Tuesday, February 08, 2011

Our Workbinders distilled down from Workfolders which are a spinoff of Workboxes…

Ok, I could not think of a decent title, but the point is that my Workbinders are inspired by Jolanthe’s Workfolders which are derivative of Sue Patrick’s ubiquitous Workbox system.

I tried traditional workboxes a couple of years ago with Geo and they went well with the downside of taking too long to load each night. I always felt like I was forgetting something. It was enough to make me go slightly batty. I took a year off from workboxes and this year decided to give them another try after reading about Jolanthe’s workbox twist and revision. It seemed like it would work so well with the Gs so I set off to imitate it (please feel flattered, Jolanthe).

I saw the folders that Jolanthe said she got from Wal-Mart, but they were a bit more expensive than these tabbed pocked folders by Avery.


My math failed me and I bought 3 packs not realizing till later that I’d only need 6 dividers per kid if I wanted them to have 12 pockets. I ended up with a bunch extra but it didn’t turn out to be a bad thing after all as you’ll see.

I decided not to do a separate weekly grid for all the tabs, my kids would just lose them anyway.



Instead I put 12 velcro dots on the inside cover of the flexible poly 3-ring binders that I have the workpockets in. I put one tabbed divider (from a pack of these, again from Avery) in front of the pockets and I put more velcro dots on both sides. The front side is for their completed activity/subject cards and the back is for extras or activities/subjects that aren’t assigned on that given day. On the right tabbed divider you’ll see a smaller (older) card which says, “I’m ready to work!” I made (and had laminated) a lovely school clock-in / clock-out setup , and they just don’t use it :( So this way it hopefully will still give them the idea that before they get started on the other stuff they should “clock-in” in their workbinders at the very least.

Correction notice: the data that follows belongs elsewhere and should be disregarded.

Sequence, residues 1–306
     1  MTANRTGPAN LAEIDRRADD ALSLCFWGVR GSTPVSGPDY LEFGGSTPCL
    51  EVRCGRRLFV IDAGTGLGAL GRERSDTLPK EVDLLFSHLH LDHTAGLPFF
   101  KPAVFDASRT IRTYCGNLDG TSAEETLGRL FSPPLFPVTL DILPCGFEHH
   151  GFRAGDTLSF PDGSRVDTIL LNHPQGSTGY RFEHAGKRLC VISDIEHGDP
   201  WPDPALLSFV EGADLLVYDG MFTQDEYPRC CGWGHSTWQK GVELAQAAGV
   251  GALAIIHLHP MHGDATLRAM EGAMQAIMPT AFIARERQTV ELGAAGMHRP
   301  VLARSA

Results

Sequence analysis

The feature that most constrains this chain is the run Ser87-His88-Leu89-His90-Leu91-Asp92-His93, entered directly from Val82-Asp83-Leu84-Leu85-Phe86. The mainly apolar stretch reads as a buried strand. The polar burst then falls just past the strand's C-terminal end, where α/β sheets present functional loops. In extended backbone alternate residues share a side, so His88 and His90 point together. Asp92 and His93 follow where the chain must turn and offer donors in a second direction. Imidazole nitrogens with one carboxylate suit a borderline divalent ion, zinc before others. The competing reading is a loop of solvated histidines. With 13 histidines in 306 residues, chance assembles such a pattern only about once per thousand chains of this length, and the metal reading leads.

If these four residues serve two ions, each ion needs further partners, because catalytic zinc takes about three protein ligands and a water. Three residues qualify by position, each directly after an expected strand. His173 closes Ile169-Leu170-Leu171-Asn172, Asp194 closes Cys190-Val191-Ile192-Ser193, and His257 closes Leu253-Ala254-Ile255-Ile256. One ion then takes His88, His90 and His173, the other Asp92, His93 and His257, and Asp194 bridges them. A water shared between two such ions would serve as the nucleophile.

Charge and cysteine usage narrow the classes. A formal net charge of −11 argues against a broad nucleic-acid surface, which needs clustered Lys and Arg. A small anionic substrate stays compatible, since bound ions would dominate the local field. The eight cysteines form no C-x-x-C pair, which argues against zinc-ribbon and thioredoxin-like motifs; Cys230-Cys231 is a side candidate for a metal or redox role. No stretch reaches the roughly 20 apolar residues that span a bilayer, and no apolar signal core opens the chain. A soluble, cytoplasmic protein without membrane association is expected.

I had originally thought I would use all 3 dots on each pocket for the subject, a place for them to match up the subject card from the front cover of the binder and an extra one for a “with mom” card. But since it’s easier for them to just move them from the binder cover to the tabbed divider, we’ve just been doing that. It also makes it easier for me not to have to hunt down the cards on several different pockets.

Like Jolanthe, I have a week’s worth of assignments for each subject that gets assigned, then in the evening, all I have to do is to reload the front cover with the cards for the next day and we’re good to go. I only put papers or very small/thin books in their workfolders and the rest of their books are in their “workboxes” (I love our Trofast setup by the way!). 


I put workboxes in quotes because I’m not using them in a typical workbox way in that the boxes aren’t numbered, but have labels for their category. So, for instance, I have Geo’s reading books in one box, Gigi’s in another. Geo’s reading comp. and grammar books share a box. Their workbinders share a box and my teacher’s books get their own box. It’s nice because the kids know where to go to get the things they need, they know exactly what’s expected of them from their workbinders and my job of refreshing them each evening is a breeze.

Oh, and the extra pockets? I made my own workfolder and in it I put my daily routines, weekly schedules, monthly calendars, my little notebook for jotting down things I don’t want to forget, our Keys for Kids devotional, reward stickers, a knitting pattern, memory verses, and whatever else I want to put in there. It has helped me get a lot more organized too and that’s always a good thing.

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